So the record is clear: Rather than keeping us safer, the prison at Guantanamo has weakened American national security. It is a rallying cry for our enemies. It sets back the willingness of our allies to work with us in fighting an enemy that operates in scores of countries. By any measure, the costs of keeping it open far exceed the complications involved in closing it. That's why I argued that it should be closed throughout my campaign, and that is why I ordered it closed within one year.

The full text of the speech can be found here.

Both speeches are important reading, and should perhaps serve as a testement to those who doubt Obama´s and Miliband´s intentions when it comes to dealing with the Muslim and Arab World, both seem keen on both talking, and listening, and perhaps it´s not too much to ask, to at listen to what they have to say? Both of them and their governments will surely look out for national interests as their top priorities. Their work description is exactly that, but it seems to me that right now, that agenda goes hand in glove with much of the prioritized interests of both the Muslim and the Arab World. On one issue i have great doubts still, and that´s on human rights and democracy, during the first 110 days of administration, both Secreatary of Defence, Gates and Secretary of State, Clinton has visited the region, and left with statements that was, to put it mildly, vague on human rights, democracy and citizens and rather strong in support for the so called ¨moderate¨ leaders of the friendly states , Saudi, Jordan and Egypt. That worries me a great deal, i hope that the dialogue that both statesmen want to engage in with citizens and civil society in the neighbourhood is given priority, and proves not only to be empty words. Both Bush JR, and Condi Rice talked at length(Rice more eleqeuently than Bush), on democracy, human rights and so on, but their implementation on the ground never came close to the lofty words, not even prior to the tandem Muslim Brotherhood/Hamas election success.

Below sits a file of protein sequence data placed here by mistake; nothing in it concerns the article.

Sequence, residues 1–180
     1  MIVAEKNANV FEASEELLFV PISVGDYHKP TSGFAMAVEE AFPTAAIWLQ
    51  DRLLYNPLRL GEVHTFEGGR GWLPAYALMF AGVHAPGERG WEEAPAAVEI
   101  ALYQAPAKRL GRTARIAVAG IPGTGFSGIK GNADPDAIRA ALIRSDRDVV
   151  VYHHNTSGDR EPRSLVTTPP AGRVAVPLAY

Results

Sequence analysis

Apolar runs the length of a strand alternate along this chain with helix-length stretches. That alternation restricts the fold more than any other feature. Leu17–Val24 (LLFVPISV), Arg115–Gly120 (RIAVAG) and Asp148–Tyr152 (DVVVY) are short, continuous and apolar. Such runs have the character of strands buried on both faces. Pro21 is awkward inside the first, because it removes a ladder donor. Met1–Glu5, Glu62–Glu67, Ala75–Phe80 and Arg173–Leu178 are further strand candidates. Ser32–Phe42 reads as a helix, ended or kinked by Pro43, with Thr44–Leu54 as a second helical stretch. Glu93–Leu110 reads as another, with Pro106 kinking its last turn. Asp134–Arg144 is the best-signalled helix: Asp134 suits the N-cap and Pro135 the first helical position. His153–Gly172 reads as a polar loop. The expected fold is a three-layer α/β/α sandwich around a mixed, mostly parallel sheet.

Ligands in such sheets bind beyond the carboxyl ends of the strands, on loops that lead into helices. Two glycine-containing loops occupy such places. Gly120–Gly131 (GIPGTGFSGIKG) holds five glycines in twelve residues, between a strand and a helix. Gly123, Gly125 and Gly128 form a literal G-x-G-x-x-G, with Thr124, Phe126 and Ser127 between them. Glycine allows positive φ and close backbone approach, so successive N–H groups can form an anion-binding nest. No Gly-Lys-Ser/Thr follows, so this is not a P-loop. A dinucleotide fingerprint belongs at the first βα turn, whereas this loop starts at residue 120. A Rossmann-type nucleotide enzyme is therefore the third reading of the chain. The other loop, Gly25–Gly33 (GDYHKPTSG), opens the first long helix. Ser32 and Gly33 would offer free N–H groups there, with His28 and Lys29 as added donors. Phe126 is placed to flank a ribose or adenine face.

Having said that, i will still listen with an open mind to what President Obama will have to say in Cairo, and i will keep listening, even if i will be dissapointed, because neither Obama´s or Milibands grows on threes, and they deserve the benefit of a doubt, much more than the average politician, they can´t walk on water, perhaps they can´t deliver a comprehensive peace(mostly because they have strange bedfollows as partners),but Obama can deliever on Guantamo and on leaving Iraq, and finally yes, who knows what can be achieved, the sky is not the limit , but if the limit is Jerusalem, negotiated peace within 1967 borders, and USA as a partner in multilateral politics, and not an administration,busy bullying those not agreeing with it until January 2013, then i can live with that.